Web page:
By: Sandy Feather – Penn State Extension
Q. I am concerned about the damage to plants in my yard following our recent cold snap. Our beautiful, albeit early spring had new growth emerging on hydrangeas, butterfly bushes, maples, and viburnums, and my hostas and daylilies were pushing up nicely. It is depressing to walk around the yard and see how the cold has killed back all that new growth. Should I cut the damaged foliage back on my daylilies and hostas? I imagine the blooms will be fine, but the foliage will not look very good, even later in the summer, if I don’t do something.
A. Although it is not unusual for us to have a cold snap, and even some snow in April, temperatures in the twenties and teens for such a long period after plants started blooming and leafing out has caused similar damage to plants throughout the eastern United States. Daffodil, forsythia and magnolia blooms are history in many areas, and the tender new foliage on trees, shrubs and perennial flowers has been killed, too.
Late snow on daffodils
Trees and shrubs that had their new growth killed back should also recover with no problem. They will send out a second flush of leaves – many area doing so already. It would not be great if the second flush of growth is killed by a later frost – that could be stressful for affected plants. Trees and shrubs “spend” their carbohydrate reserves in putting out new growth. Having to do so a third time might not be a problem for otherwise healthy plants, but those stressed by other factors – they are the wrong plant for a given site, they have been improperly planted or damaged by construction, or if they suffer severe insect or disease problems – may not bounce back as well.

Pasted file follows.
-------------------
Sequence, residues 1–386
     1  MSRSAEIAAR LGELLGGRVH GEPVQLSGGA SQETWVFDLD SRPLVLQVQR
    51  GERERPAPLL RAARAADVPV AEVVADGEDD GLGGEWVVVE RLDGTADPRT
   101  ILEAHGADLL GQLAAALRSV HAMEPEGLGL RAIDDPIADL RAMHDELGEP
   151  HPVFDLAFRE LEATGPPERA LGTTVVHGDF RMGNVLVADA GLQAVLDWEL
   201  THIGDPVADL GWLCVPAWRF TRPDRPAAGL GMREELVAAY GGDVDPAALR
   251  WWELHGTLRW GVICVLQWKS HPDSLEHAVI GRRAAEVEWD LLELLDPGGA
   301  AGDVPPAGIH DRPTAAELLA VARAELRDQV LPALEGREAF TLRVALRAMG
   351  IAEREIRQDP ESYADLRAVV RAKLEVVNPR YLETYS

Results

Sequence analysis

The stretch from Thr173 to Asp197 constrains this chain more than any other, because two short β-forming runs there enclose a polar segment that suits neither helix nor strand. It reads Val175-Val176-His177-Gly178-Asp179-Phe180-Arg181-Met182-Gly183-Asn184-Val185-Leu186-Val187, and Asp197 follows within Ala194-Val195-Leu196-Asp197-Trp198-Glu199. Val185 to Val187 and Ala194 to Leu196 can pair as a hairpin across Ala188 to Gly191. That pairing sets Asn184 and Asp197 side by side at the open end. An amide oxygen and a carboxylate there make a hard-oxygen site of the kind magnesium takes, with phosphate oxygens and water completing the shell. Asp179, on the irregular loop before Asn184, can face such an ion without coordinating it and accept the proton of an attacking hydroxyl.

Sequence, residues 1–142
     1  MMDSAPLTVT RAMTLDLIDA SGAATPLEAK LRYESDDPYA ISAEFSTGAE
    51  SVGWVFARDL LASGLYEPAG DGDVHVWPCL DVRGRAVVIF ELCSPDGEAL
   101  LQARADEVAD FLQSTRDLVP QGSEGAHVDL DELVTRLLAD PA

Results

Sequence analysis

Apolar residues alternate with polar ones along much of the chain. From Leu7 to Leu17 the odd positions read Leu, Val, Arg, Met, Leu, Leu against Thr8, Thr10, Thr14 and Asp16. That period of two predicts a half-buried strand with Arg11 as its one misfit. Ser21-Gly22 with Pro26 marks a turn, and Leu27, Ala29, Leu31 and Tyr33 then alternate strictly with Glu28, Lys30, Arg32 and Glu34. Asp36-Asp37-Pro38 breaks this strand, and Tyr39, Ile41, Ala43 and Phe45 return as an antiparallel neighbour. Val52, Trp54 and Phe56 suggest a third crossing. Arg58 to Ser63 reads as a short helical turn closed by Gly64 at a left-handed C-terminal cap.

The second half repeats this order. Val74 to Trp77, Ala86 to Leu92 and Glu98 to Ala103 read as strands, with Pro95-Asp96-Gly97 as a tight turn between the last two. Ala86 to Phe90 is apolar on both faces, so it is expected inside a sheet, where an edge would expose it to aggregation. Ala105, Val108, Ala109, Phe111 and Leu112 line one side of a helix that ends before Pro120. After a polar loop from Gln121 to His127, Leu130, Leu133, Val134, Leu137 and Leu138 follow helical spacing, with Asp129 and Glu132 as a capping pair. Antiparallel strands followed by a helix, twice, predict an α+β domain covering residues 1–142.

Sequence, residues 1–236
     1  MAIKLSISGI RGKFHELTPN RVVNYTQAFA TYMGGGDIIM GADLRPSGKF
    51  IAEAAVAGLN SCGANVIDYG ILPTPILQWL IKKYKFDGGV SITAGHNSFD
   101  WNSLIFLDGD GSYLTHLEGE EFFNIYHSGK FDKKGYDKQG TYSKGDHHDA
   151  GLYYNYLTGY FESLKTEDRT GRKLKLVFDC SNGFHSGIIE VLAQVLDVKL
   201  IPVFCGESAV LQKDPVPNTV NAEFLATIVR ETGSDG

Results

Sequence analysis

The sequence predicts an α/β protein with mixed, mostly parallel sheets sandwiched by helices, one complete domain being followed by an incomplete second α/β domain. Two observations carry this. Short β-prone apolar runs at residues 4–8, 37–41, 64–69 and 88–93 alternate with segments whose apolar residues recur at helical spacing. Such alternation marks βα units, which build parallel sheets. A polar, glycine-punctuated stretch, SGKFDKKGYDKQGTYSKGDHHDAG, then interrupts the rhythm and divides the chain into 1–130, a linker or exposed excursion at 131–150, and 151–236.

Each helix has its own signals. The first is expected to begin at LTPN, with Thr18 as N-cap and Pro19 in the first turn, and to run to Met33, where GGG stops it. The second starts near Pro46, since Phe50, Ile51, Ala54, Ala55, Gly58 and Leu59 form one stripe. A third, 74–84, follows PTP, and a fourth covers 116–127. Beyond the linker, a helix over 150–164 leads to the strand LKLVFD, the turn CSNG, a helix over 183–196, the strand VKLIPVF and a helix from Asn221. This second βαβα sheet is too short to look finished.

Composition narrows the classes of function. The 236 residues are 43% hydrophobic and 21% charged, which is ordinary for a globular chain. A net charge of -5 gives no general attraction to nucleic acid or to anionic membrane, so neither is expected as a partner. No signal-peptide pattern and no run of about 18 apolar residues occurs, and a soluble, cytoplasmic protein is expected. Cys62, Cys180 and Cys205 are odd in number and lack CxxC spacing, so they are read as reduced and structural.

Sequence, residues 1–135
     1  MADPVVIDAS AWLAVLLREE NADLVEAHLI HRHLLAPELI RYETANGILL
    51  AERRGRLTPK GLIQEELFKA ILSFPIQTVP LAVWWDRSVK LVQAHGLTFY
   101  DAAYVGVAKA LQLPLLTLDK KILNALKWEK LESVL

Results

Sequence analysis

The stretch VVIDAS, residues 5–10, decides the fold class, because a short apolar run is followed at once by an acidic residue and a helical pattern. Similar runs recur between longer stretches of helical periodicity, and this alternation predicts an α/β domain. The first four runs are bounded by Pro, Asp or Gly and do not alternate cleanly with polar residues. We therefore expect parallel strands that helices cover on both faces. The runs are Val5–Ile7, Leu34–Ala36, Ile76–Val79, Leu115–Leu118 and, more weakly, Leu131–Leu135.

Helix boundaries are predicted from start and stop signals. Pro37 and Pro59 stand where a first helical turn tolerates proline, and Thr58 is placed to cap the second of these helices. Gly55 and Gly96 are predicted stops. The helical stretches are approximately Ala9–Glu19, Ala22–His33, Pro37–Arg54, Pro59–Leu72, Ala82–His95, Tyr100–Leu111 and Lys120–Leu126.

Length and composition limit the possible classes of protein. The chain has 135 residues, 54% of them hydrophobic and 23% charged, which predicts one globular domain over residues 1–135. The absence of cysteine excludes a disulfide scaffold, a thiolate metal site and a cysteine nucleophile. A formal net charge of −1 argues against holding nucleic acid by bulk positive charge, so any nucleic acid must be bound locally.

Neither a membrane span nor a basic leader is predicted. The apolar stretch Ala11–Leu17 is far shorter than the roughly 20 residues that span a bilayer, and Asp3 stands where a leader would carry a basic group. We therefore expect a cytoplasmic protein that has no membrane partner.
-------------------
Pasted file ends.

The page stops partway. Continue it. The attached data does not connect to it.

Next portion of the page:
Freezing rain builds-up heavy ice on tree branches
It would never hurt to give these plants a little extra TLC through the growing season. Be sure to supply supplemental water when we get into hot, dry summer weather. Most plants need an inch of water a week to thrive. Although fertilization can help in some situations, it is not a cure-all, and should be based on soil test results. Excessive fertilization can make plants more susceptible to injury from insects that feed with piercing-sucking mouthparts, such as aphids, mites and leafhoppers, as well as certain diseases.
Hold off on cutting back your butterfly bush (Buddleia spp.) until late April or early May, when we are usually past danger of a hard frost. Along with artemesia (Artemesia spp.), blue-mist shrub (Caryopteris spp.), St. Johnswort (Hypericum spp.), lavender (Lavendula spp.),and Russian sage (Perovskia atriplicifolia), butterfly bush is sensitive to late spring frosts. These plants often die when cut back in fall, and it is generally recommended that you wait and cut these back in late spring. Don’t panic if you have cut yours back already – just be prepared to cover it up if frost threatens.
Fertilizer labels – What do those numbers mean?